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https://squarefoot.forumotion.com/t3574-the-end-of-july-7-weeks-until-frost

There are certain pursuits which, if not wholly poetic and true, do at least suggest a nobler and finer relation to nature than we know. The keeping of bees, for instance. ~ Henry David Thoreau

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camprn
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Post  camprn 2/12/2012, 5:27 pm

Kate, take a look at the video in this thread... <~~~ click

____________________________

43 years a gardener and going strong with SFG.
https://squarefoot.forumotion.com/t3574-the-end-of-july-7-weeks-until-frost

There are certain pursuits which, if not wholly poetic and true, do at least suggest a nobler and finer relation to nature than we know. The keeping of bees, for instance. ~ Henry David Thoreau

https://squarefoot.forumotion.com/t1306-other-gardening-books



New to the forum and SFG WxBanner?bannertype=wu_clean2day_cond&airportcode=KEEN&ForcedCity=Keene&ForcedState=NH&zipcode=03431&language=EN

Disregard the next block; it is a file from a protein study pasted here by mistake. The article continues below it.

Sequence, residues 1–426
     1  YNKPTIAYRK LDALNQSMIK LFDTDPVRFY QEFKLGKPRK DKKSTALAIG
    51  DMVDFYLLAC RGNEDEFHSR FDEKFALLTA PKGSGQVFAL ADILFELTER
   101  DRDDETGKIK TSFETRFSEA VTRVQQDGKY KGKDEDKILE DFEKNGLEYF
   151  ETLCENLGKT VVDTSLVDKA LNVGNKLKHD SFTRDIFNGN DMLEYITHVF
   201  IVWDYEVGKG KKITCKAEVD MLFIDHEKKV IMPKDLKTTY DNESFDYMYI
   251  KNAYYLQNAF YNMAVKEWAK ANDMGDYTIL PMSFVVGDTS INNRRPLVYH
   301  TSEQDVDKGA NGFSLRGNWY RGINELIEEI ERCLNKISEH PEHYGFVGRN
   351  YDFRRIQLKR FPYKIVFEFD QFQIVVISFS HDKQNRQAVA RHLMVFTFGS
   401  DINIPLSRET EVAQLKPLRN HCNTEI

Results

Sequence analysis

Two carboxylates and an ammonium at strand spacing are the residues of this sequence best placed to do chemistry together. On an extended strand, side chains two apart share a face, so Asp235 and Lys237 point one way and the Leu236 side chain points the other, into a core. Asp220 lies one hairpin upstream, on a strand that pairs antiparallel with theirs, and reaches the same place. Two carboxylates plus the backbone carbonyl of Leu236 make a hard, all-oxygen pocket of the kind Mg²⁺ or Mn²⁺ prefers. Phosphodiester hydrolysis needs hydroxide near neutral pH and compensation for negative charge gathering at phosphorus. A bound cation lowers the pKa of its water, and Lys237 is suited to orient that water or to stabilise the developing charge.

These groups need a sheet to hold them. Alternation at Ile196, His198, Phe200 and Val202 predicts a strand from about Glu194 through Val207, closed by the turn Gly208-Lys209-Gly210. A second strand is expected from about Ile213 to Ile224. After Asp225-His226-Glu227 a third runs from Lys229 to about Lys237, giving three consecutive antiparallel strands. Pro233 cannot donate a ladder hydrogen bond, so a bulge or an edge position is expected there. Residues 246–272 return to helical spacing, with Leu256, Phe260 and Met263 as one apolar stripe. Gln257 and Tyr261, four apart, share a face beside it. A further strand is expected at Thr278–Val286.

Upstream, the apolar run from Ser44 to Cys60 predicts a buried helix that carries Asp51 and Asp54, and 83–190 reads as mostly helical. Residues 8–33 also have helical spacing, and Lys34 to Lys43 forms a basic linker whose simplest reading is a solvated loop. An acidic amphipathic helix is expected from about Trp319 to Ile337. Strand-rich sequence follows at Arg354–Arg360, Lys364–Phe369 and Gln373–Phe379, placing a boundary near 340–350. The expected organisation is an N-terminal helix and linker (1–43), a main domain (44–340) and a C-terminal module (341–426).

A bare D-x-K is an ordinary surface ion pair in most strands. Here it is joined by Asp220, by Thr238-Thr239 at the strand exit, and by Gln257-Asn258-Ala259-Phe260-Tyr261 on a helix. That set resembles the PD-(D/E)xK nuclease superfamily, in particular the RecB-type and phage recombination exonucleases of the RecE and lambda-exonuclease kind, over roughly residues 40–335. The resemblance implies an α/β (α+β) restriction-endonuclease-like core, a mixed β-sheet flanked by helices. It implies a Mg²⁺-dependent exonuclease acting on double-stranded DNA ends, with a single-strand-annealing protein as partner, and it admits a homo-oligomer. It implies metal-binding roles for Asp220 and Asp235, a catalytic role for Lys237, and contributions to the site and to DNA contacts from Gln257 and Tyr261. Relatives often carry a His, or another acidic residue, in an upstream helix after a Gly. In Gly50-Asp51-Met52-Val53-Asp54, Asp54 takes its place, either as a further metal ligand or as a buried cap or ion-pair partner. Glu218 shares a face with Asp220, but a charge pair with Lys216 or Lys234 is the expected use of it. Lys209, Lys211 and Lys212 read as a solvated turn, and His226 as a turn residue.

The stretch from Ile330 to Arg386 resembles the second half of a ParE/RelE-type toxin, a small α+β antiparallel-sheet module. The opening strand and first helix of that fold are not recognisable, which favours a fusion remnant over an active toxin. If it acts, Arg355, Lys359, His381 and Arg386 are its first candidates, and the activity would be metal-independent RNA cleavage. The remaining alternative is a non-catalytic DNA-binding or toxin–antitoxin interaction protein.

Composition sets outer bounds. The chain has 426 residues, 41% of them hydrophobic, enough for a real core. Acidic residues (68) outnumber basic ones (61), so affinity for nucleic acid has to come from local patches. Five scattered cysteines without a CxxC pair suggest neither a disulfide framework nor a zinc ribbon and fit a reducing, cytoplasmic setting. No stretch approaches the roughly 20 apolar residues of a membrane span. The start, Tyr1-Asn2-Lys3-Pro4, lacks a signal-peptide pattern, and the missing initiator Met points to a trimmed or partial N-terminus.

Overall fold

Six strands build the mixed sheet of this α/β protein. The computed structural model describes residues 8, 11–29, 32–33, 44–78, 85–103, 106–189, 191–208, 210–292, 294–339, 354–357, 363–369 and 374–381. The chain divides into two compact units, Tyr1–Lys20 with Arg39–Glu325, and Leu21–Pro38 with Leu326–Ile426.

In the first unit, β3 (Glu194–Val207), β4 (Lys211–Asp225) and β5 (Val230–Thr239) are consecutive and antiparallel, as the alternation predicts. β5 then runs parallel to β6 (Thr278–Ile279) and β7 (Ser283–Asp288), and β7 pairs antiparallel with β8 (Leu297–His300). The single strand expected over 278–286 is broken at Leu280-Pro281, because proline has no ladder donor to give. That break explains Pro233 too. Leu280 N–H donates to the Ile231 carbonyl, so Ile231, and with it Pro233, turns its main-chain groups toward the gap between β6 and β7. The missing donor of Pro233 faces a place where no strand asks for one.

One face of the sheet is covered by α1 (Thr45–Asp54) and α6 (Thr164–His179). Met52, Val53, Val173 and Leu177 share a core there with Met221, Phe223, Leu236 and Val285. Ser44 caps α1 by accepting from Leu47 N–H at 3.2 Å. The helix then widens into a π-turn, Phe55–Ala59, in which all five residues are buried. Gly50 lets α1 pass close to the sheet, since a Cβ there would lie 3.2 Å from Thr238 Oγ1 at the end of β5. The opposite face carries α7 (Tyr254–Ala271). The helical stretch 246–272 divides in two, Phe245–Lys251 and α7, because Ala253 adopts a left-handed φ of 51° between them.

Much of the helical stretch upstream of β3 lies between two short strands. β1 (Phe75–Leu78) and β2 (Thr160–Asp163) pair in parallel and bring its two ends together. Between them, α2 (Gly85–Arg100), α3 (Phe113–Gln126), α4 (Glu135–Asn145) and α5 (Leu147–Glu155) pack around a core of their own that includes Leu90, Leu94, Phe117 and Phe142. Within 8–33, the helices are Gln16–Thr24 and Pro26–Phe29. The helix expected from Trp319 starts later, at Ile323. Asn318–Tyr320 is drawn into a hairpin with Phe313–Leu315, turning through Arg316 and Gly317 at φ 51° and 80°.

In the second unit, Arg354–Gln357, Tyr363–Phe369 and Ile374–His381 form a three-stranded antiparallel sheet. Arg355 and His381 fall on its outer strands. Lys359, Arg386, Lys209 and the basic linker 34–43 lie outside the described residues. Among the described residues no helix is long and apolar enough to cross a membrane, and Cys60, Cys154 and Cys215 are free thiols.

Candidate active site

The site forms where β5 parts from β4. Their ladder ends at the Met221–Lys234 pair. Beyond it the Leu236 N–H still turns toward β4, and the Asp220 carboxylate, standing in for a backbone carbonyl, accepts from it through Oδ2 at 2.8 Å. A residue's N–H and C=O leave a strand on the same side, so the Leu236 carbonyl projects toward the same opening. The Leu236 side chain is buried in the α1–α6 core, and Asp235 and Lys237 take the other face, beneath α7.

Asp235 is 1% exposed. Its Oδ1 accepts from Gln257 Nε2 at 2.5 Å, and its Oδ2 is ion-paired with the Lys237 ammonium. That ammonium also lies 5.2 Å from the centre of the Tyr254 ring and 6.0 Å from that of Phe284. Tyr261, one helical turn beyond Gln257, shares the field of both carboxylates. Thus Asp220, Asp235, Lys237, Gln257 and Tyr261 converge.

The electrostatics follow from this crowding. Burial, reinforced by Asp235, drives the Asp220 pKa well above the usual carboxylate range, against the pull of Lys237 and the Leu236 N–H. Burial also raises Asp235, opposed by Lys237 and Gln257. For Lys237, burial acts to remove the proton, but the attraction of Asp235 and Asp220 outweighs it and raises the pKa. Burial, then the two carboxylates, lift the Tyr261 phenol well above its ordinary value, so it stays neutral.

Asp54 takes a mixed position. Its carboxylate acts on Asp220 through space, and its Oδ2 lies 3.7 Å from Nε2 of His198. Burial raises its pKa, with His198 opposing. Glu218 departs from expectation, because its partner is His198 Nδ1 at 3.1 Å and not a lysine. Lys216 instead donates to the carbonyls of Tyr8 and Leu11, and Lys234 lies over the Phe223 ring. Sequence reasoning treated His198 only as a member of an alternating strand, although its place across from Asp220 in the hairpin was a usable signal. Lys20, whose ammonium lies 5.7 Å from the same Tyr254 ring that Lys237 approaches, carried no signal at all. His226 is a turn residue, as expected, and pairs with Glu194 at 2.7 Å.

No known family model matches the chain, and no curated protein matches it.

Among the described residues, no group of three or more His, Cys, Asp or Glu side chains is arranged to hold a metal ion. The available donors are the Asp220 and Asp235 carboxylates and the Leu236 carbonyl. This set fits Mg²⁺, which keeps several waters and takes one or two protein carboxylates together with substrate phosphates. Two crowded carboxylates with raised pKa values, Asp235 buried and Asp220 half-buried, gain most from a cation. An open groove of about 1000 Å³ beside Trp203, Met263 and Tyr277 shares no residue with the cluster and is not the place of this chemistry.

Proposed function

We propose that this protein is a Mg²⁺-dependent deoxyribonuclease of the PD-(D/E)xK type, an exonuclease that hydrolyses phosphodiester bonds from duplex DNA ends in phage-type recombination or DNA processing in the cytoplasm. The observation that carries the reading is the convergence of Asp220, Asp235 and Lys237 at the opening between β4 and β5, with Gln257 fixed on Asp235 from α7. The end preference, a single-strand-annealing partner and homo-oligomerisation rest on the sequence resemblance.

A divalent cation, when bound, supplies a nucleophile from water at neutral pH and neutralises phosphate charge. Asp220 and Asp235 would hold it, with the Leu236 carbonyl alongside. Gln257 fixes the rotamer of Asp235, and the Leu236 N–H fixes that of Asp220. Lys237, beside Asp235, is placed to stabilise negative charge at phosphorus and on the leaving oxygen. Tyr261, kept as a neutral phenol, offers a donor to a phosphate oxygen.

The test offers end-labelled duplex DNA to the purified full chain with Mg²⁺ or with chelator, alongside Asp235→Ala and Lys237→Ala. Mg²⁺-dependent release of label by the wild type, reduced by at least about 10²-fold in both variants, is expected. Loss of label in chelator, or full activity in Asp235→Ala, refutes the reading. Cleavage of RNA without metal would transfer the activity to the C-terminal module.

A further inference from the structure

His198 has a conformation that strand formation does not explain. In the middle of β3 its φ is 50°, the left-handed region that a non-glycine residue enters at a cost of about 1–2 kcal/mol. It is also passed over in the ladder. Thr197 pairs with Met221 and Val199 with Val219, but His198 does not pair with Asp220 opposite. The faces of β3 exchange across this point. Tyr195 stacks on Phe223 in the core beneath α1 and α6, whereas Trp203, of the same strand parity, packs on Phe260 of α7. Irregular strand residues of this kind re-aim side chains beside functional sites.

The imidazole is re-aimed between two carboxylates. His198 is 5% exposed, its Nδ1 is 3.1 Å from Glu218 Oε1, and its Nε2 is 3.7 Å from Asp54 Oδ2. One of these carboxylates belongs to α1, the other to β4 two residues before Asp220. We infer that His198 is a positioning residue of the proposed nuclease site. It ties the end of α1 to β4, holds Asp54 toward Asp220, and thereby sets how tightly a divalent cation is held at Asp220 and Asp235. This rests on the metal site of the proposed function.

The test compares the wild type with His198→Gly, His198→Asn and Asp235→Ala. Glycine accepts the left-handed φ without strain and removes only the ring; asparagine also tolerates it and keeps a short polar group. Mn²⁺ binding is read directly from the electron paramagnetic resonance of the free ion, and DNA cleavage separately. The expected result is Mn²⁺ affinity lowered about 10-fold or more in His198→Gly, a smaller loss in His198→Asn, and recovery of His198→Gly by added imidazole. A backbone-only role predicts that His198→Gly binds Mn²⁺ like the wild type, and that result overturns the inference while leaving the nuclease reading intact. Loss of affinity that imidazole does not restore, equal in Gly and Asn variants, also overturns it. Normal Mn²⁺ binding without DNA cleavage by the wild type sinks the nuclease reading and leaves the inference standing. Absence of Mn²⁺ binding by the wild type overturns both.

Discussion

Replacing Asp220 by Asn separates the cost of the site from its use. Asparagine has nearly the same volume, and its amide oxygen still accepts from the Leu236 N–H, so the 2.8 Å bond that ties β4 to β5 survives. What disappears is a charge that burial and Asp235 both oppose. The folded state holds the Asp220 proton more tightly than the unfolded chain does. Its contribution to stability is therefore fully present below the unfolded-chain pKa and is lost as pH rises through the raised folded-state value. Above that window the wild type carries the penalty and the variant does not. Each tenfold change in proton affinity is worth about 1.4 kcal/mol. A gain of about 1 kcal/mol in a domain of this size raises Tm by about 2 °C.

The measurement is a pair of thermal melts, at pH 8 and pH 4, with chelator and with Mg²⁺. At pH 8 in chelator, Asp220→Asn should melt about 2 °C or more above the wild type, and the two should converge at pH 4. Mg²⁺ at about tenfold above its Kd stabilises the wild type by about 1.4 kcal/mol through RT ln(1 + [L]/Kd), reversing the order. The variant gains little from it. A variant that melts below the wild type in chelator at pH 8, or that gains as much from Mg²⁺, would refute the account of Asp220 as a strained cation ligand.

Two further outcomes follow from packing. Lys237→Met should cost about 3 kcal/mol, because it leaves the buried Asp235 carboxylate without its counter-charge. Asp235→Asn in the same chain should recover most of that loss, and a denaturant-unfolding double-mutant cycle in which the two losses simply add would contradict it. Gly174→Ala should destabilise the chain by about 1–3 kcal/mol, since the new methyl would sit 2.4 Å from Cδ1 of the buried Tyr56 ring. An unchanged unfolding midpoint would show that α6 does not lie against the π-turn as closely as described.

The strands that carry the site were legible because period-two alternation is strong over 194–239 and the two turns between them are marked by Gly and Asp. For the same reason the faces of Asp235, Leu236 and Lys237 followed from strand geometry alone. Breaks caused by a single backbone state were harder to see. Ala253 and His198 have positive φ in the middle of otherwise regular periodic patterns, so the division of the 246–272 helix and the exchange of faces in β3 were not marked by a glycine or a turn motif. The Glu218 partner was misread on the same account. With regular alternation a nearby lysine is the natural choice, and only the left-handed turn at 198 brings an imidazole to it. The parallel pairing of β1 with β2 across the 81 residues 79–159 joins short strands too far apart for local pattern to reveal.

camprn
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Post  plantoid 2/12/2012, 6:05 pm

Hello Kate ,
Welcome to the ANSFG site.

I'm on the other side of the pond in the UK .

On the home page have a look at who is posting in the area and look out for their posts perhaps even dropping them a PM for info.

Please take two gold star class points and go right to the top of the class for actually owning and reading the books .

Lots of guys & gals take a long while to reach that stage and suffer the consequences of not doing it by hitting problem after problem .

plantoid
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Post  CindiLou 2/13/2012, 9:55 am